Superb-a terrifying history of leaders run amok. Mao's attempt to salve his reputation and retain power after the disastrous Great Leap Forward led to an absurd but tragic series of purges, denunciations and counter purges, destroying the lives of millions. An essential read to understanding modern China-Dikotter's underlying thesis is that as the central government fell apart and retreated from the more isolated areas of countryside, villagers secretly readopted market capitalism as a way of su Superb-a terrifying history of leaders run amok. Mao's attempt to salve his reputation and retain power after the disastrous Great Leap Forward led to an absurd but tragic series of purges, denunciations and counter purges, destroying the lives of millions. An essential read to understanding modern China-Dikotter's underlying thesis is that as the central government fell apart and retreated from the more isolated areas of countryside, villagers secretly readopted market capitalism as a way of survival-leading eventually to the rebirth of it nationally after Mao's death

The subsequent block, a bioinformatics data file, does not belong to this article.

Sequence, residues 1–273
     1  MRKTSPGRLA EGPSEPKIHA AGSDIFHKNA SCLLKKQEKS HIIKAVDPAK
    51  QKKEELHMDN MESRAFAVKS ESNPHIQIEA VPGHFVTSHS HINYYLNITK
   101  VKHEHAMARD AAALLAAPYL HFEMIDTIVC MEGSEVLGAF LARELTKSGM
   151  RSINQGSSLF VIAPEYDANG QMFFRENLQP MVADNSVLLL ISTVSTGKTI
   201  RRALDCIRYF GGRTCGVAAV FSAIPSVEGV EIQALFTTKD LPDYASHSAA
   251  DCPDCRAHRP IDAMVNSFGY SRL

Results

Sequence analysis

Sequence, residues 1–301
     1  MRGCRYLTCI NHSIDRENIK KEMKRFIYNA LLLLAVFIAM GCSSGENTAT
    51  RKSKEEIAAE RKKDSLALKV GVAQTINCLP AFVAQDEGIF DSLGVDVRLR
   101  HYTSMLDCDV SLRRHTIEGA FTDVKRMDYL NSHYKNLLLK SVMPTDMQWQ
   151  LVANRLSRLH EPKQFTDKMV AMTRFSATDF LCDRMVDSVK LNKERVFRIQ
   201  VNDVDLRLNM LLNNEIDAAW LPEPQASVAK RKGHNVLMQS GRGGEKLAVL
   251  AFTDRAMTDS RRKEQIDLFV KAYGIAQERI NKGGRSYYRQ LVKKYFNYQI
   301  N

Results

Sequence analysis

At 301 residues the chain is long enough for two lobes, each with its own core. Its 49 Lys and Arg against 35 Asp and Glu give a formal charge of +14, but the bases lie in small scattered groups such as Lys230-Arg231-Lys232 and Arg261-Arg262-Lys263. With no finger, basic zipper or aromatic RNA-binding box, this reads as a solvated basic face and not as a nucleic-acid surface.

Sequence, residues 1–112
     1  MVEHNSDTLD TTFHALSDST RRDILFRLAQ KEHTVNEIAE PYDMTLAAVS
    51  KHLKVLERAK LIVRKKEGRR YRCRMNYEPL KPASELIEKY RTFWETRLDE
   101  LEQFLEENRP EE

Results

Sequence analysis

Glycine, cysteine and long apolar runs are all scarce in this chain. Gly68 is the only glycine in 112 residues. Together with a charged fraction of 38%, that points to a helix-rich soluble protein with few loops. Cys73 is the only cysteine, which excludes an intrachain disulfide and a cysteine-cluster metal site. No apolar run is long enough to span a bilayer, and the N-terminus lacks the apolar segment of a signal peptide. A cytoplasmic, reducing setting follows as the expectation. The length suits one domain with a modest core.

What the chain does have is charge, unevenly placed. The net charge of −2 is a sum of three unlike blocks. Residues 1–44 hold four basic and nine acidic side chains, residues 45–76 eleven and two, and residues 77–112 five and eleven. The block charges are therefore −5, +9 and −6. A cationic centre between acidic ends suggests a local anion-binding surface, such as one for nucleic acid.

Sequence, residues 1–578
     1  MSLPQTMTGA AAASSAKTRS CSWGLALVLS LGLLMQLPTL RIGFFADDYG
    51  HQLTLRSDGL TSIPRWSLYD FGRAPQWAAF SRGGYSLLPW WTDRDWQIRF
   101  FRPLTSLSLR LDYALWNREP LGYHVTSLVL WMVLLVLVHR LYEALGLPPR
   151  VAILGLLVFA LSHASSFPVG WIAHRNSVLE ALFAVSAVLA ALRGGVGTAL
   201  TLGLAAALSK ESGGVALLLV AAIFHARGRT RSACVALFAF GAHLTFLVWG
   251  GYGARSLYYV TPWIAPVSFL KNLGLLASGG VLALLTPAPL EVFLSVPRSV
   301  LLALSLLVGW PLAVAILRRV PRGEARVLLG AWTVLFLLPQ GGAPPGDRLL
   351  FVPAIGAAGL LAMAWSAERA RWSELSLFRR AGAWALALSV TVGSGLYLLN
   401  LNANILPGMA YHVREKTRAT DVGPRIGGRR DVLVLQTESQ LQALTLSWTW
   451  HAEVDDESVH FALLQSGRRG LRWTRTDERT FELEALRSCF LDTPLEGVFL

22. 5 out of 5

    Kathy Jo

    This is an informative and useful overview of the impact of the Cultural Revolution in China. It is also an important and cautionary tale about human nature and socio-political idealism. Along with other studies in history, the dangerous myth that people are inherently "good" is busted. This is an informative and useful overview of the impact of the Cultural Revolution in China. It is also an important and cautionary tale about human nature and socio-political idealism. Along with other studies in history, the dangerous myth that people are inherently "good" is busted.

  23. 5 out of 5

    Frank Stein